Published in The New Hampshire, Oct. 8, 2015
I was haunted by the banners of ’04, ’07 and ’13 up until Aug. 14 this summer.
Red Sox manager John Farrell’s announcement of his lymphoma diagnosis seemed to put things into perspective: It’s not all about wins and losses.
It just wasn’t in the cards for the Sox this season, and that’s alright.
The 2015 schedule ended with acceptance rather than disappointment, as the team’s descent was a steady downfall, perhaps leaving less of a nasty sting. But with the combination of a complete ball-club makeover and a few exciting late-season wins, fans were left with something savory: a little bit of hope for next year.
The transition period began at the end of July when the Sox cut ties with two ’13 champions, sending Shane Victorino to the Angels and Mike Napoli to the Rangers. A concussion diagnosis for Mookie Betts would give Jackie Bradley Jr. a chance to step up, and Rick Porcello’s spot on the disabled list would bring up young left-hander Henry Owens from Pawtucket.
The next three weeks in August would prove to be some of the most shifting and unpredictable in baseball management. The clubhouse would essentially be rebuilt.
On Aug. 18, it was announced that veteran executive Dave Dombrowski would become president of baseball operations. After a long stint with the Detroit Tigers, Dombrowski would rejoin Sox owner John Henry, with whom he won a World Series in 1997 as the general manager of the then Florida Marlins. Much of Dombrowski’s celebrity has stemmed from his ability to recruit young talent, as well as his “old school” managerial ways.
On the same day as the Dombrowski deal, Sox general manager Ben Cherington went public with his resignation. Slowly, Sox Nation saw the inner-workings of the 2013 championship team disappearing with new faces taking the reigns.
It was announced in September that Mike Hazen would replace Cherington. Hazen has been with the Sox since 2006 and was named assistant general manger back in January.
Early August would also see CEO Larry Lucchino stepping down at 70 years old. Since Lucchino’s partnership group took over in 2002, he oversaw three World Series wins, seasons in the AL East cellar and everything in between. Executive Vice President Sam Kennedy would be named as Lucchino’s replacement, and Lucchino himself labeled as “his choice” for the job.
On the diamond, nearly every single player in the ball club finished the season batting less than .300, except for Xander Bogaerts who tapped in at .320 with 196 hits.
Once again, Clay Buchholz did not fill the shoes of the No. 1 ace and the Sox are expected to exercise the option on his 2016 contract. Many of Rick Porcello’s starts were deemed laughable, but after some gained momentum, some wonder if he’ll earn the No. 2 spot next season. In order to trade for that ace starter, the Sox will likely have to sacrifice Eduardo Rodriguez. At age 22, there’s no doubt the left-hander’s 96 mph fastball will have teams interested in making a trade.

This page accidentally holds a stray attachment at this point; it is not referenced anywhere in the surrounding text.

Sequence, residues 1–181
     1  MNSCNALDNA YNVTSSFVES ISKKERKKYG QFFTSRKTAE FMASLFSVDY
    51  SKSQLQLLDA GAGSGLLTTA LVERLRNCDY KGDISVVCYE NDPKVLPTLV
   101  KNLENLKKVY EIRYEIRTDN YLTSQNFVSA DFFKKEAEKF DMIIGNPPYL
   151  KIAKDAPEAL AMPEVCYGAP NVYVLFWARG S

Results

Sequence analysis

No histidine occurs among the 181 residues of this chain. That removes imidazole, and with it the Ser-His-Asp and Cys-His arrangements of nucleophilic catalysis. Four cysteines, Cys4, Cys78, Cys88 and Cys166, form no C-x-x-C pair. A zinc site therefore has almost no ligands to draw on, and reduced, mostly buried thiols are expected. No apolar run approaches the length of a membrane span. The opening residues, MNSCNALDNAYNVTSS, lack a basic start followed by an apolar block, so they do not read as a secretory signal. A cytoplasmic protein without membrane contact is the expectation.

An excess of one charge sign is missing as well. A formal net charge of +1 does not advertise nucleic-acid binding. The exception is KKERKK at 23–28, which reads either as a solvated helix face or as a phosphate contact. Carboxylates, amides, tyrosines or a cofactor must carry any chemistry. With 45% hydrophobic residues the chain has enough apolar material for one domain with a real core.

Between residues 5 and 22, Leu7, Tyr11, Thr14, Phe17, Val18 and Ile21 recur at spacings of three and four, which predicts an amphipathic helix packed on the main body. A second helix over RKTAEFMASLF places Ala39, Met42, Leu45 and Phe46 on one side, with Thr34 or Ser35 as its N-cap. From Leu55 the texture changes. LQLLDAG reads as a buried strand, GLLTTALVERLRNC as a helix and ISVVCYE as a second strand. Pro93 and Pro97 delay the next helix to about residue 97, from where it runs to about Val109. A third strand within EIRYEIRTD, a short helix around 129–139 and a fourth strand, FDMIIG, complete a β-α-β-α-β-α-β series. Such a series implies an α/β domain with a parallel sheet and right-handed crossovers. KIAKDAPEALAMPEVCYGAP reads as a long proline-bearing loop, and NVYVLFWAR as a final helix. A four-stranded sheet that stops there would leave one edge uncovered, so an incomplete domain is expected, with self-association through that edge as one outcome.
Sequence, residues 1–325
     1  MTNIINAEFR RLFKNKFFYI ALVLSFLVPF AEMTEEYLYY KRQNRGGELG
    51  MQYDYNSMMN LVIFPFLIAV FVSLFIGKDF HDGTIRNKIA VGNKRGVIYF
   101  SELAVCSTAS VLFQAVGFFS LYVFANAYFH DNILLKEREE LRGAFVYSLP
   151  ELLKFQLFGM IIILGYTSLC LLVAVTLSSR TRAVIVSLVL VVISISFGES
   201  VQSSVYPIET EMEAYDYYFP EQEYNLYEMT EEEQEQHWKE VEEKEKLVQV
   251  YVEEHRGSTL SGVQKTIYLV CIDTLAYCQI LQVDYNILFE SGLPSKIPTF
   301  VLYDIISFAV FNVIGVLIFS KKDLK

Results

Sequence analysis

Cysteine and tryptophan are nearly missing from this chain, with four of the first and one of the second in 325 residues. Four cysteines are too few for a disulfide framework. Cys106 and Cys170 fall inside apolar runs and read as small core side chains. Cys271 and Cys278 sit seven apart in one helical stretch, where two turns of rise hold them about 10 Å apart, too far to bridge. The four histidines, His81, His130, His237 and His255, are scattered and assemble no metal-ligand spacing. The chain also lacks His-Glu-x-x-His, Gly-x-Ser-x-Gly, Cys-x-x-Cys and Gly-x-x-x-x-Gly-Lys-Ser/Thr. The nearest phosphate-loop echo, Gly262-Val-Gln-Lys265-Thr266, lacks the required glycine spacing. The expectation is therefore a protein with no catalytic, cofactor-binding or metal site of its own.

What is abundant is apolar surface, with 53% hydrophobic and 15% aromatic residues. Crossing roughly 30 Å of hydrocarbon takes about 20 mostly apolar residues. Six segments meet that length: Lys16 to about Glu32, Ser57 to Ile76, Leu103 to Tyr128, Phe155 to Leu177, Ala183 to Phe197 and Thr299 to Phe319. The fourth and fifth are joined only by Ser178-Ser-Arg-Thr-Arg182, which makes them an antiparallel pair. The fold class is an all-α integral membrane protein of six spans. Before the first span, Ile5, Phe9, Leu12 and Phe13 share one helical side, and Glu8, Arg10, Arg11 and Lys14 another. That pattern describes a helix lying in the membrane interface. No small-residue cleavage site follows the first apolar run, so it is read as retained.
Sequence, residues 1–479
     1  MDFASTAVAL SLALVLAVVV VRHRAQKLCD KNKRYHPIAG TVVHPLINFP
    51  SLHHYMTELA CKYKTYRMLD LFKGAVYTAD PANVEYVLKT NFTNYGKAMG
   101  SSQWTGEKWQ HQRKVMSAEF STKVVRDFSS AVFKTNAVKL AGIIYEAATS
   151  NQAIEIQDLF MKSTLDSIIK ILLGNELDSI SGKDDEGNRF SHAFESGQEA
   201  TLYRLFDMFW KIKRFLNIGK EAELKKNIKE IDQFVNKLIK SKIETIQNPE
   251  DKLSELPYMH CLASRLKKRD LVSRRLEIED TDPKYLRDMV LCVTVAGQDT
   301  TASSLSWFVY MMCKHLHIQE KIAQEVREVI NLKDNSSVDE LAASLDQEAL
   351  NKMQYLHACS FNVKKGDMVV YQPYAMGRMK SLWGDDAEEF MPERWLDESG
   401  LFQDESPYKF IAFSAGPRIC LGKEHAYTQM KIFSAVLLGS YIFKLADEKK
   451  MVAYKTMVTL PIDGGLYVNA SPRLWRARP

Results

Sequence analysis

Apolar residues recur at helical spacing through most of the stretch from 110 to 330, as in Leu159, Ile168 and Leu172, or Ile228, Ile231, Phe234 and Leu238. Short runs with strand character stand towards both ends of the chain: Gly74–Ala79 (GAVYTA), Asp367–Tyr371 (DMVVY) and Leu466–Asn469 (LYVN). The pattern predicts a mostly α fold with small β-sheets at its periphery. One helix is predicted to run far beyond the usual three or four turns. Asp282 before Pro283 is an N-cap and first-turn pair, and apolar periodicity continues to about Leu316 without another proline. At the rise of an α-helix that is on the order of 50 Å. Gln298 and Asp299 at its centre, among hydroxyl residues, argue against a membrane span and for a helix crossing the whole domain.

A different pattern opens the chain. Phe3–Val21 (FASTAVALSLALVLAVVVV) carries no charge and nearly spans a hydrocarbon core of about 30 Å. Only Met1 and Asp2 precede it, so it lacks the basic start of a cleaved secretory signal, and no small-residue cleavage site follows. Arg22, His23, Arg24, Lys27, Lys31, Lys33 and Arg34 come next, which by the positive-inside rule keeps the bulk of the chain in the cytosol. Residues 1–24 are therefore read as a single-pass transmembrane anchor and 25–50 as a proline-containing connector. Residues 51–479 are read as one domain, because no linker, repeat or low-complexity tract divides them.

There’s definite talk that Dombrowski will build the new team around young talent like Blake Swihart, Bogaerts and Betts. And with this mentality, what will happen to the Panda?
Arguably his worst season yet, batting .245, Pablo Sandoval simply didn’t perform. He and Hanley Ramirez made $36 million combined this year, and what did the Sox get in return? Sandoval’s future in Boston remains uncertain, but also begs the question, will other teams want him? It was just announced this week that the team has asked Ramirez to lose 15 to 20 pounds before his move to first base, assuming he makes it there.
Player of the Year here goes to Betts. His shutout-saving catch on Sept. 25 against the Orioles was the perfect cap to his noteworthy season. Rich Hill owes him a big thank you.
While hopes for game performance were diminished, the ousting of Don Orsillo was perhaps the most disappointing move of the season. The beloved voice of Fenway will move cross-country to the broadcasting booth of the San Diego Padres, without any explanation from NESN. After nearly 15 years as the signature narrator of every game, it’s safe to say the booth will never be the same. For many, this change was worse than the games the team was losing.
Sox radio voice Dave O’Brien will join Jerry Remy for play-by-play of the 2016 season.
Despite the guesswork, one thing is for certain: Fans will return to Yawkey Way on opening day in April with renewed hope for the ball team that has a lot of work ahead of it this offseason. This isn’t a romantic Fever Pitch ending, and Kevin Foulke isn’t launching himself into Jason Varitek’s arms.
But perhaps that’s what’s romantic: That no matter the wins and losses, for some of us, the Sox will always be our first love.
See you in April.